I haven’t wasted any time on the televised Presidential “debates” that have been staged by either party, but it is difficult to avoid the saturation of follow on coverage of the events, and I am struck more than anything by the pedestrian quality, the lack of depth, and the line of questioning. Former Ohio gubernatorial candidate Ken Blackwell obviously shares my disdain for this process and recently outlined some key issues that have escaped inquiry, especially and conspicuously for the Democratic frontrunner, Hillary Clinton. In fact, these are questions that any serious candidate from either party should be required to answer very early in the process, and they are worth noting here:
You have said that your position on same-sex marriage is “evolving”. What is your current position on it and its counterpart, civil unions, and what in your opinion is the difference between them?
What is your position on guns and the Second Amendment? Do you believe that this amendment secures the right of law-abiding citizens to purchase and possess firearms?
What is you view of religious freedom and the role of faith and religion in public life?
(Obviously, as Blackwell notes, these first three questions are about the “social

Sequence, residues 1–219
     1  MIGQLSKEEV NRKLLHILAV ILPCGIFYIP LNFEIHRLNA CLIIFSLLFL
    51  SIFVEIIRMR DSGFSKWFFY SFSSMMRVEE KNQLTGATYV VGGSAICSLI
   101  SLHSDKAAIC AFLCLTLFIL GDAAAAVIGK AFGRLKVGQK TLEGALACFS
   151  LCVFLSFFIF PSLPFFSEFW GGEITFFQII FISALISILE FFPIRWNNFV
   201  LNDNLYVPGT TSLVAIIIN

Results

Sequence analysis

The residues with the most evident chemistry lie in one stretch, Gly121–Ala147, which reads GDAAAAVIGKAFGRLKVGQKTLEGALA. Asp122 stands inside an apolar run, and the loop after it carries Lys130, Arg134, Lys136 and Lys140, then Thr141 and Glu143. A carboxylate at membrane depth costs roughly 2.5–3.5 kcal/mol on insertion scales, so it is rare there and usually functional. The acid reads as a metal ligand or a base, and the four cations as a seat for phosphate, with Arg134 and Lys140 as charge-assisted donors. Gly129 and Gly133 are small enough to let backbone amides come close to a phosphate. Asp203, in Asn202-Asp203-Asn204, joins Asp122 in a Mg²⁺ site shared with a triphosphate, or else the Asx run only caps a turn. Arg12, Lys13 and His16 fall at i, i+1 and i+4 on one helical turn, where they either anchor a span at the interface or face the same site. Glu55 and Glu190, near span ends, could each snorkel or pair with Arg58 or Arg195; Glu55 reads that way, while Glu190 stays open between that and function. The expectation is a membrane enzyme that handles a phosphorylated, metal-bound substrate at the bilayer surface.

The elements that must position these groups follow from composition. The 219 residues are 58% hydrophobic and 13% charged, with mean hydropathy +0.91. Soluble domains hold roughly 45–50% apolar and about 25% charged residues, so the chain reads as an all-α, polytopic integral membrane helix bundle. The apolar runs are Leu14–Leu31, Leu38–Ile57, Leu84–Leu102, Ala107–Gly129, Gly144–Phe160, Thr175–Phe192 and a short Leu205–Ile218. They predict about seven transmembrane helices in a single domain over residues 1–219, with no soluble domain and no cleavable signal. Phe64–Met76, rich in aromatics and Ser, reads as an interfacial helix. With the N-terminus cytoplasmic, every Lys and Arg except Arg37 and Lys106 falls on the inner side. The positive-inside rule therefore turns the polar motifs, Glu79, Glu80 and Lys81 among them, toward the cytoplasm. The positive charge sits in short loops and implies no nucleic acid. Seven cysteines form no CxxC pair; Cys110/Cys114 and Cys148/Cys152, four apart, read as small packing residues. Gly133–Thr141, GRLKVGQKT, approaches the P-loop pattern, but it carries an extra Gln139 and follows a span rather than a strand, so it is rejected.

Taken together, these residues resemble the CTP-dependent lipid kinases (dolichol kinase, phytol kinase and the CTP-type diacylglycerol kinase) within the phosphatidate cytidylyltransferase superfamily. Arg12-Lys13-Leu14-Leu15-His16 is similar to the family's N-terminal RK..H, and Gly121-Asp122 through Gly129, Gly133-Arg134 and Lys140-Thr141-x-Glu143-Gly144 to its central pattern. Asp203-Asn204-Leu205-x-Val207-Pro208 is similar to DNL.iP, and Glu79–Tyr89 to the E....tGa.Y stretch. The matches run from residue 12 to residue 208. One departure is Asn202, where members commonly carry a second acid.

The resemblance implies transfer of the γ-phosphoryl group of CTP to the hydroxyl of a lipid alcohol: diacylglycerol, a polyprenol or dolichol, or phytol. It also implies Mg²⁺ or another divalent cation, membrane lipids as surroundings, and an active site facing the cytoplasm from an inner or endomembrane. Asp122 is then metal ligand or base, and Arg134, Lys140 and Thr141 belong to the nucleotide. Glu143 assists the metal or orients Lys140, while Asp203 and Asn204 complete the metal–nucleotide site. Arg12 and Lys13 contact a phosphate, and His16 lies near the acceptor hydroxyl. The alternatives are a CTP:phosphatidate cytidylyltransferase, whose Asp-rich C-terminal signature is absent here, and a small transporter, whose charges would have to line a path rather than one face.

issues”, about which Howard Dean complained in 2003 that he was tired of
questions about “guns, God, and gays”, a perennial problem for Democrats.)
How many troops would you keep in Iraq, and for how long, to achieve your objective there?
How would you fight radical jihadists and their global network and with what policy would you replace the Bush Doctrine?
It occurred to me that Hillary in particular, if she is ever truly confronted with these questions by the mainstream media in a manner that eliminates the third option of the famous Clinton “triangulation”, has only two options in answering—she lies or she is candid. In either case, she eventually loses, but with the latter option it’s over sooner, so let’s hope some responsible journalist pins her down on these issues, but don’t bet on it.